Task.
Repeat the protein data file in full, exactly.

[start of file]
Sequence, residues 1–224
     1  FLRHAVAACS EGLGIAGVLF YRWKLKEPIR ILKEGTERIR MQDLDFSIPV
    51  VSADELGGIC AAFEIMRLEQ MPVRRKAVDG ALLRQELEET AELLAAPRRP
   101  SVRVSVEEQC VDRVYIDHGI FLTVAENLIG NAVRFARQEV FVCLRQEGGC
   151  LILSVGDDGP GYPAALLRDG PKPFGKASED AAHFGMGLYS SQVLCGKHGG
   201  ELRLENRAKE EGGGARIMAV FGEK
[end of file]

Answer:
Sequence, residues 1–224
     1  FLRHAVAACS EGLGIAGVLF YRWKLKEPIR ILKEGTERIR MQDLDFSIPV
    51  VSADELGGIC AAFEIMRLEQ MPVRRKAVDG ALLRQELEET AELLAAPRRP
   101  SVRVSVEEQC VDRVYIDHGI FLTVAENLIG NAVRFARQEV FVCLRQEGGC
   151  LILSVGDDGP GYPAALLRDG PKPFGKASED AAHFGMGLYS SQVLCGKHGG
   201  ELRLENRAKE EGGGARIMAV FGEK